An Armenian Christmas

 

The Armenian Apostolic Church observes Christmas on January 6.

Advent is a Quinquagesima known as Hisnag, or Hisnak, from “fifty”; this period begins with the first of three periods of fasting for one whole week, as preparation for the Holy Birth – Sourp Dznount. In earlier times, Advent was a time when fasting was practiced throughout its duration.

After “The Fast of the Beginning of Hisnak” comes the one following the third Sunday of Hisnak, “the Fast of St. James Bishop of Nisibis”. The commemoration of the Saint takes place on the Saturday following. The third and final fast precedes “the feast of the Nativity and Theophany of Christ our God”. Besides, during the remaining weeks of Hisnak when there is no fasting, Wednesdays and Fridays are also regularly observed as fasting days.

Even if it falls within the week of the fasting, The Feast of the Presentation of the Holy Virgin in the Temple is celebrated on November 21st, since it is not a moveable feast. When this happens, the feast is celebrated liturgically, yet fasting is nonetheless observed. This also holds true for the Feast of the Conception of the Holy Virgin by St. Anna (December 9).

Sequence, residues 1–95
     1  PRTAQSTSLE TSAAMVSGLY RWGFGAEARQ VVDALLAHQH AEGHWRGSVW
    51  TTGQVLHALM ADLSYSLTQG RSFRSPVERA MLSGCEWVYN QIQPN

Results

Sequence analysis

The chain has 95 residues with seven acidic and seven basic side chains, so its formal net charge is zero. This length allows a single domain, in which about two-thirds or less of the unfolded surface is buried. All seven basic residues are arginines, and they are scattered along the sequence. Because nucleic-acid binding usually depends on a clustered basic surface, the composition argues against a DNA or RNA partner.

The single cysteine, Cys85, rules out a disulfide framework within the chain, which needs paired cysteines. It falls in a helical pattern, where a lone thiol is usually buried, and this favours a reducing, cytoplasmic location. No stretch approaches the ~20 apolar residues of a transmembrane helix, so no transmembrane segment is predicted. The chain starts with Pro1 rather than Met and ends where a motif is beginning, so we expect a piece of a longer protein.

Armenian housewives traditionally prepare their homes for “The Feast” by cleaning it thoroughly.

During Hisnak some of the important and major saints of the Christian Church are venerated; St. Gregory; St. Basil; the Apostles Thaddeus and Bartholomew; St. Clemens; St. Ignatius; St. Polycarpus; St. Nicholas; St. James of Nisibis; King David (as a prophet); Saints Peter and Paul, and others.

On the eve of Christmas, the rite of Divine Liturgy is celebrated through the Eucharist of the lighting of the lamps – Jrakaloutz Badarak – in honour of the Theophany; Jesus as the Son of God.

After the readings comes ceremony of the blessing of water, to evoke Baptism of the Lord in the River Jordan. During this ceremony, the Cross is submerged in the water and three drops of Soorp Muron (Chrism) poured into it, to signify the Holy Trinity. This anointing unction, a combination of first pressing olive oil and forty-eight specific aromas and flowers, is symbolic of the descent of the Holy Spirit upon Jesus.

A lay person is selected for the honour of being the “Godfather of the Cross”, holding it upright while the congregation approaches. At the end of the service, people take home with them some holy water, and a candle lit from the sanctuary lamp, so that the “light of Christmas” burns inside their house too.

Every day of the week following is also considered to be Christmas, and people visit one another’s homes. Traditional greetings are Tzez yev mes medz avedis (To you and us the good news); Krisdos dzunav yev haydnetsav (Christ is born and revealed among us); and Orhnial eh haydnootiunun Krisdosee (Blessed is the revelation of Christ)

 

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